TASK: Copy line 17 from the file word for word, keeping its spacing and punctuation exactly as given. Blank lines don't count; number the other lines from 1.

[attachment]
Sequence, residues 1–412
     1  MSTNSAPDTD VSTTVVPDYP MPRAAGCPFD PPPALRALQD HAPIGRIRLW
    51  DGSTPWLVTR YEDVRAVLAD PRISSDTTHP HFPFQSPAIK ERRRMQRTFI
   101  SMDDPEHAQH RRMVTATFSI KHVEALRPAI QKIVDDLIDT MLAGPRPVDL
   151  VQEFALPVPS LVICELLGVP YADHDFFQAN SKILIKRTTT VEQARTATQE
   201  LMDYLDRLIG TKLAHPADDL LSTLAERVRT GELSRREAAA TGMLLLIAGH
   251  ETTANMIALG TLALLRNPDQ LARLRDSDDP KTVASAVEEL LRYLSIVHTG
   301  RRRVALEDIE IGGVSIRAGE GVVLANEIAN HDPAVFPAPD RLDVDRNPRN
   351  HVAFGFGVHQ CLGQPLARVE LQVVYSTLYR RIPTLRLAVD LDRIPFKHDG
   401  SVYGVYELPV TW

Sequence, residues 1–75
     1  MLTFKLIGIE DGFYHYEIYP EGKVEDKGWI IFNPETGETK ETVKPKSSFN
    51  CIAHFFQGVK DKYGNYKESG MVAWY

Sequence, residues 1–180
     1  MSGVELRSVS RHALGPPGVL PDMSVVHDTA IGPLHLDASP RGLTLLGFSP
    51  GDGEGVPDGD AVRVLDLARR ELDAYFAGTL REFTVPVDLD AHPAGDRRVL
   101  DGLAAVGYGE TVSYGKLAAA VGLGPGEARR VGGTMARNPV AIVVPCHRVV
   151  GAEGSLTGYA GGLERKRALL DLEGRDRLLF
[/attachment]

   101  DGLAAVGYGE TVSYGKLAAA VGLGPGEARR VGGTMARNPV AIVVPCHRVV